Mr Taylor floated the "Aznar option" for Mr Brown on his blog – although he is not campaigning for it and keeps out of politics as chief executive of RSA, an independent charity and think tank.

Mr Taylor wrote: "Under this scenario Gordon Brown remains Prime Minister until the election but the Labour Party chooses a new leader to fight that election. In this way the internal contest within the party for its next leader is not about foisting a new Prime Minister on the country, but about choosing someone about whom the voters can make up their own mind."

One minister said: "It sounds too clever by half but I wouldn't entirely rule it out. Yet the problem remains – who is going to tell Gordon?" Lord Mandelson, the Business Secretary, is unlikely to do the deed. Friends say that he regards the "Aznar option" as "mad," saying: "The voters would be completely confused. They wouldn't know who was leading the party."

Yesterday Lord Mandelson's allies dismissed reports that he has fallen out with Mr Brown. They said he would not be an "assassin" because he returned to the Cabinet last year partly to heal the wounds from his long feud with Mr Brown.

However, there has been some tension between Lord Mandelson and Mr Brown in recent weeks. The Business Secretary was wary about the further rise in national insurance contributions in 2011 announced in the pre-Budget report, which would hit people on middle incomes. Like the Chancellor, Alistair Darling, Lord Mandelson would have preferred a rise in VAT. But that was strongly opposed by Ed Balls, the Schools Secretary and Mr Brown's long-standing ally. Mr Balls argued that Labour could accuse the Tories of secretly planning to increase VAT if Mr Darling rejected that option. Mr Brown backed Mr Balls rather than Lord Mandelson.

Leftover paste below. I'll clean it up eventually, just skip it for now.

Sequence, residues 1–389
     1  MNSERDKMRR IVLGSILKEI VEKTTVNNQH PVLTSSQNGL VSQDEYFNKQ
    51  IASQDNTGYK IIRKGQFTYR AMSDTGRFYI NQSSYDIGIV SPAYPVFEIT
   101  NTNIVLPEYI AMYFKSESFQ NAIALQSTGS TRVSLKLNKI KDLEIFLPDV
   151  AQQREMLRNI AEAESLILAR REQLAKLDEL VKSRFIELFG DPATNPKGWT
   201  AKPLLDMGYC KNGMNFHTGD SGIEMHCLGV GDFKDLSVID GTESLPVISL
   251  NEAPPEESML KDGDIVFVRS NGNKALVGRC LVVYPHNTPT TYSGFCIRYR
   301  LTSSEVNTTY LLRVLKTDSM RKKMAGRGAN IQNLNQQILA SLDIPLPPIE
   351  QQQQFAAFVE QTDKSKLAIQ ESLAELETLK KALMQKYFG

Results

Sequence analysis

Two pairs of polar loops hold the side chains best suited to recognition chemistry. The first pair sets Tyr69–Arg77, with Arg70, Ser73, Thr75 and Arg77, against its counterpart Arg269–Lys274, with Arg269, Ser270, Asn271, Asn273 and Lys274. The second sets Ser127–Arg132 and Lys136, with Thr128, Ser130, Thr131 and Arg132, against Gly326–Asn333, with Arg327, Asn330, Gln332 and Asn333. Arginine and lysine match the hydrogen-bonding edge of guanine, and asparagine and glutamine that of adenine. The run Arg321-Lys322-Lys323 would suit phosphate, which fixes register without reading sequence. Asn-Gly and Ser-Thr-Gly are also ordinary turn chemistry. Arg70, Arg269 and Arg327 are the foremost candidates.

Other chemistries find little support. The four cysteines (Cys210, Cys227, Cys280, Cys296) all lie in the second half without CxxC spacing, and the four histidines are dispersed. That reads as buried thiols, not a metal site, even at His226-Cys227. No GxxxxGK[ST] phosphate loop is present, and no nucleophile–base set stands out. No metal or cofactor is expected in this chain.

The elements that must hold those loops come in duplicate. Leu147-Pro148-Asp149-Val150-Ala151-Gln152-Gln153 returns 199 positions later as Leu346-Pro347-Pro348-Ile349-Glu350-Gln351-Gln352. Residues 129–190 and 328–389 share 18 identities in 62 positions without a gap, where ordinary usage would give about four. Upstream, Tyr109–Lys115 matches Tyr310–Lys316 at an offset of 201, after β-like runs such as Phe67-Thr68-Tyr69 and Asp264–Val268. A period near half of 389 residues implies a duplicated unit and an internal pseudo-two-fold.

Labour probably won't go for the "Aznar option". But the fact it is even being discussed is a sign that, despite the mini-recovery in the polls, many Labour figures are still braced for election defeat.

Setting a precedent: Jose Maria Aznar

It was a cunning plan and it almost worked. José Maria Aznar, then prime minister of Spain, pre-announced his retirement ahead of the 2004 election, honouring a pledge not to seek a third term. But he carried on as prime minister for seven months.

His chosen successor, Mariano Rajoy, led the centre-right Popular Party into the election. Although Mr Aznar faced public opposition to his support for the Iraq war, opinion polls suggested his party was on course for victory.

Everything changed three days before polling day, when 10 bombs killed 191 people in the Madrid train bombings. The Aznar government continued to blame the Basque separatist group ETA even after evidence emerged that the attacks might have been the work of an Islamist group. There was an outcry over suspicions the government suppressed information, and the opposition Socialist party won the election. There is a recent precedent for a British prime minister not being leader of his party. In 1995, Sir John Major resigned as Tory party leader and challenged his internal critics to "put up or shut up". John Redwood stood against him but Sir John defeated him.